Human use of aspirin started with an acid found in willow trees - so what do New Zealand plants and animals have to contribute to world medicine?

Two Victoria University lecturers give this month's Whanganui Science Forum talk, Chemistry in Nature. It's at 7.30pm on June 25 in the Davis Lecture Theatre, and will cost $4 for forum members and $5 for others.

They'll talk about commonly used medicines and drugs that started from natural substances - morphine from opium poppies that's used for pain relief, for example - and they will say how such useful properties are discovered, tested and refined.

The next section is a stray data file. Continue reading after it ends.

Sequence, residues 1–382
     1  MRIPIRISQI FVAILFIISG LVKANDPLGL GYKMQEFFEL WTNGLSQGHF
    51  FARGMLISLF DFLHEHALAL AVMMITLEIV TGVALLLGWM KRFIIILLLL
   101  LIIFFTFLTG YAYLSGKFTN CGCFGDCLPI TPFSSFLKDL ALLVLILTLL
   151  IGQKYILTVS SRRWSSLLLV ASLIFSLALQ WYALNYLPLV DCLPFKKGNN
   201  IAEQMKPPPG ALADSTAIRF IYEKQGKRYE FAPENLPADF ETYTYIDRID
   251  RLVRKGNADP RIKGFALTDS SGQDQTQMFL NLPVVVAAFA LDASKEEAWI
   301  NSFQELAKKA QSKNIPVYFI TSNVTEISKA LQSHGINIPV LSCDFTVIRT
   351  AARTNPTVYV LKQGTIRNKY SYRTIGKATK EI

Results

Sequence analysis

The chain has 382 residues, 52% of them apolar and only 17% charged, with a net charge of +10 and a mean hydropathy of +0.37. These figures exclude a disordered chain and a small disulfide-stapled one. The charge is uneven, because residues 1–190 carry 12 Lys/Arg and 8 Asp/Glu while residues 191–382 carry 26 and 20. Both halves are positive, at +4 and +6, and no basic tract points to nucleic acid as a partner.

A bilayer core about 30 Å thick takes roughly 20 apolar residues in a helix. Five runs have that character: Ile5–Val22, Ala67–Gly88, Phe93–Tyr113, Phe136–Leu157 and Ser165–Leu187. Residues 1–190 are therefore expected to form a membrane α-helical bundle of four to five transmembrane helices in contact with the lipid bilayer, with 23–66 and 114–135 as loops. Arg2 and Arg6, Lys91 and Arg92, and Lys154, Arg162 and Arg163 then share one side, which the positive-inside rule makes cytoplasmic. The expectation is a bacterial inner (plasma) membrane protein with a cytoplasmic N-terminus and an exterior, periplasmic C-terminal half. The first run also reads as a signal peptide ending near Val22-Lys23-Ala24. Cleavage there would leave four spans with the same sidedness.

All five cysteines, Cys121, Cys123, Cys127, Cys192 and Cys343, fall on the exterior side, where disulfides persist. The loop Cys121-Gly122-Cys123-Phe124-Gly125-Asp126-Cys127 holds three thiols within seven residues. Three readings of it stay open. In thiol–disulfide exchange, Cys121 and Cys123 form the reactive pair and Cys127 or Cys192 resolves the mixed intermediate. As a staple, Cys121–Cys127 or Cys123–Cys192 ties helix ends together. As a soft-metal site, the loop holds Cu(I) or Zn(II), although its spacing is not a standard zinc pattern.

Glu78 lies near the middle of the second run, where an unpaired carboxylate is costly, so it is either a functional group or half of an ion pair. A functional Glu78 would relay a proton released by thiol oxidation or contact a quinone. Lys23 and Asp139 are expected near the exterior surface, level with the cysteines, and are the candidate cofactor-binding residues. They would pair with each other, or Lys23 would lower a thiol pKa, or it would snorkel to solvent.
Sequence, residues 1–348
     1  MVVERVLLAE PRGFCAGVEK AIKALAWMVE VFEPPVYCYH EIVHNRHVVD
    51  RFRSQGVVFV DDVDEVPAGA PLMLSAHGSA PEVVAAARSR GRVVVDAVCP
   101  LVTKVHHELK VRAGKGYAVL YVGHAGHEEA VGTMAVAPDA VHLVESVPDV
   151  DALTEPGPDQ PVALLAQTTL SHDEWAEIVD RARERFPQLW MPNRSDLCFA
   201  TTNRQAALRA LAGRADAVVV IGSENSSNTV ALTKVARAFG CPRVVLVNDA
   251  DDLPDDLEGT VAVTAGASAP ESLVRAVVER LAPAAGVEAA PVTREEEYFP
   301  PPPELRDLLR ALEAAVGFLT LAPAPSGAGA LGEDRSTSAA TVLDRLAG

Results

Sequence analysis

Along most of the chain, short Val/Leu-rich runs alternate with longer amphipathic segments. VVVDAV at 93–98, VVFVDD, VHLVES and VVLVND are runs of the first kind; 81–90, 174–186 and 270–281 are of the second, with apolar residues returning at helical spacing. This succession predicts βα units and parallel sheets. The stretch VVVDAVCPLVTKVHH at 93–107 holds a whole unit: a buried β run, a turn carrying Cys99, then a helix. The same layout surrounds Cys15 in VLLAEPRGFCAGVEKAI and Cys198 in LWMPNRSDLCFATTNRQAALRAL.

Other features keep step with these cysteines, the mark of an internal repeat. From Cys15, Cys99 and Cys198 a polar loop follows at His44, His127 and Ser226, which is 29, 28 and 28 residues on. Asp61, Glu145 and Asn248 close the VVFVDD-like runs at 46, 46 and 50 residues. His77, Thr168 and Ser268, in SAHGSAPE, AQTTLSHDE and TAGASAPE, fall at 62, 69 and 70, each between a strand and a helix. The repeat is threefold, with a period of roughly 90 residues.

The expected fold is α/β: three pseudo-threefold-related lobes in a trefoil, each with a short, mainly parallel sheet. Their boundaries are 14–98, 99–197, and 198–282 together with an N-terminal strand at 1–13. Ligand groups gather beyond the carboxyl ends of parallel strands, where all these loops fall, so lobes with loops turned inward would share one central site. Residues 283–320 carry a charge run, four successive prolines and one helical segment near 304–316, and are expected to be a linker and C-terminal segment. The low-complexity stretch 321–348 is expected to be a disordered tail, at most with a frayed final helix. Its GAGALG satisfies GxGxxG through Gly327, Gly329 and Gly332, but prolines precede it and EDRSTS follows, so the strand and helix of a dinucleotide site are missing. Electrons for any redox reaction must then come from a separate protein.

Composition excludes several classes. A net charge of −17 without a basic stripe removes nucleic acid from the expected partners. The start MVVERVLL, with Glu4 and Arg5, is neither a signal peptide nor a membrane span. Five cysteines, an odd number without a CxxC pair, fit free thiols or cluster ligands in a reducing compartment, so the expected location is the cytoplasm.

New Zealand has plants, animals and other life forms not found elsewhere in the world. Organisms as diverse as a kawakawa shrub, a sea sponge, a fungus or a yeast may have substances that can defeat disease for people worldwide.

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Drs Andrew Munkacsci and Rob Keyzers will talk about the history of such discoveries and explorations in New Zealand, what is proving useful so far, and how traditional knowledge contributes to working that out.

Munkacsi works in biology, and is interested in biodiversity and medicine. Keyzers is the chemist, interested in food chemistry and organic synthesis of natural products. The two will bring biology and chemistry together.